Friday, 27 May 2016

Brazil’s Coup Plotters Aimed to Block Corruption Investigation

US-supported coup plotters had multiple aims in mind – replacing democracy with tyranny, weakening or ending social justice programs, instituting neoliberal harshness, and undermining corruption investigations involving 303 of Brazil’s lower house members, 49 of 81 senators, and 37 of the 65-member impeachment commission.
Specifically, Brazil’s largest newspaper, Folha de Sao Paulo, obtained a taped phone conversation between Senator Romero Juca, now planning minister, and former Petrobras Transporte SA (Transperto, Brazil’s largest oil and gas transportation company) president Sergio Machado.
It took place weeks before President Dilma Rousseff’s impeachment proceedings – involving bribery and money laundering Operation Car Wash corruption investigations related to the state-run Petrobras Oil giant.
Machado, Juca, and dozens of other politicians are accused of taking bribes in return for contracts awarded Petrobras at inflated prices.
“We have to stop this shit,” Juca told Machado. “(T)he easiest solution is to” replace Rousseff with “Michel (Temer).”
Investigations “will never stop” with her in power, he said. The BBC reported he’s stepping down over the leak.
At the same time, he was quoted, saying “I want to repeal the interpretation made by Folha de Sao Paulo…I was speaking of putting an end to the paralysis of Brazil…”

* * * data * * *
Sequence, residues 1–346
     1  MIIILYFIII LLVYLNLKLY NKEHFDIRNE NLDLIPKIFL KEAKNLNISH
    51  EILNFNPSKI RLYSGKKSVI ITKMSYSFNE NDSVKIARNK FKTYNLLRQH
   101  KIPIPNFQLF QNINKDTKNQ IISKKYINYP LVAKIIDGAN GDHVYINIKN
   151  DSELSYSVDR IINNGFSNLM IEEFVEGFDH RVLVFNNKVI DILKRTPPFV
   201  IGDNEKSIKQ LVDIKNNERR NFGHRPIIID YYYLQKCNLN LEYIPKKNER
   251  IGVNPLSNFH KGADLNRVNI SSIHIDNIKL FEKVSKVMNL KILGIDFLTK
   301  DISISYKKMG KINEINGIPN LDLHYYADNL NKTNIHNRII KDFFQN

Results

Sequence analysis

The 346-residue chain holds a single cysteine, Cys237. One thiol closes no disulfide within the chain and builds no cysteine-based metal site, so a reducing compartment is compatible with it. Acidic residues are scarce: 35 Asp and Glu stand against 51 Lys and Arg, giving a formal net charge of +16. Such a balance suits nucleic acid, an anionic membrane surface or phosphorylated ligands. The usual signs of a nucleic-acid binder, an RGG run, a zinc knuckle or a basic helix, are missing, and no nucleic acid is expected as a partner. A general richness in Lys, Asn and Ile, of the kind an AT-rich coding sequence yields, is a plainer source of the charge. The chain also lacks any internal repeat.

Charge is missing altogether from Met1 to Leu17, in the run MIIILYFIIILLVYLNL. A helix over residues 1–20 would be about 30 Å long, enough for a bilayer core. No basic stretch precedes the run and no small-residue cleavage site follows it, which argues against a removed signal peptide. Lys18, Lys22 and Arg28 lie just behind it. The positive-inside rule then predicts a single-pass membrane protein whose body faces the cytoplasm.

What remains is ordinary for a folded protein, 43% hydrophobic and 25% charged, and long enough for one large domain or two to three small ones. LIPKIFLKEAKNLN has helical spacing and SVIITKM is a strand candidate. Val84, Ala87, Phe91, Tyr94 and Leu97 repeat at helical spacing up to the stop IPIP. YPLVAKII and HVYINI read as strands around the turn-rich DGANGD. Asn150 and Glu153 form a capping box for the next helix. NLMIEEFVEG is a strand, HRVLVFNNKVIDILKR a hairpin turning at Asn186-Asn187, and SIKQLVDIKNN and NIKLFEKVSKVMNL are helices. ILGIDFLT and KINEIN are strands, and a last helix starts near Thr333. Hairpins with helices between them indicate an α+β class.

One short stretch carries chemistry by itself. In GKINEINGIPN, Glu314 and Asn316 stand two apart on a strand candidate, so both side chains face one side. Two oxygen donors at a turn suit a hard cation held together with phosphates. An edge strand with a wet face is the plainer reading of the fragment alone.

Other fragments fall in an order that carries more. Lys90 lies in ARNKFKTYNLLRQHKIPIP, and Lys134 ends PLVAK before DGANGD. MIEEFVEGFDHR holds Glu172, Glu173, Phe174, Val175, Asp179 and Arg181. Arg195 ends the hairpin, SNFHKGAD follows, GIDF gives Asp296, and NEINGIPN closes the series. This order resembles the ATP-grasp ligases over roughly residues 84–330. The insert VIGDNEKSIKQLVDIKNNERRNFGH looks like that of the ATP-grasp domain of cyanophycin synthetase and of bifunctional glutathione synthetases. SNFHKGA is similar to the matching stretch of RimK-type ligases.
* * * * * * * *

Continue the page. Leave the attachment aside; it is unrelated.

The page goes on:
According to the, the taped phone call reveals “profoundly incriminating statements about the real goals of impeachment and who was behind it.”
“The crux of this plot is what Juca calls ‘a national pact’ – involving all of Brazil’s most powerful institutions  – to leave Michel Temer in place as president (notwithstanding his multiple corruption scandals) and to kill the corruption investigation once Dilma is removed.”
Juca said discussions with Brazil’s military commanders and Supreme Court justices indicated they’d support Rousseff’s removal – and deny action against her was a coup. Only one justice she appointed, Teori Zavascki, refused to go along.
Rousseff’s impeachment has “nothing to do with preserving Brazilian democracy and everything to do with destroying it,” the Intercept said.
Seven of Temer’s newly appointed ministers are being investigated for involvement in Operation Car Wash. He faces corruption charges, barring him from seeking public office for eight years.
Polls show he has near-zero public support. Brazilians want him impeached and removed. Juca admits his taped comments are authentic, while claiming they were taken out of context.
Impeaching Rousseff represents a giant leap backwards. Prospects for reversing injustice are practically nil.
Stephen Lendman lives in Chicago. He can be reached at
His new book as editor and contributor is titled “Flashpoint in Ukraine: US Drive for Hegemony Risks WW III.”
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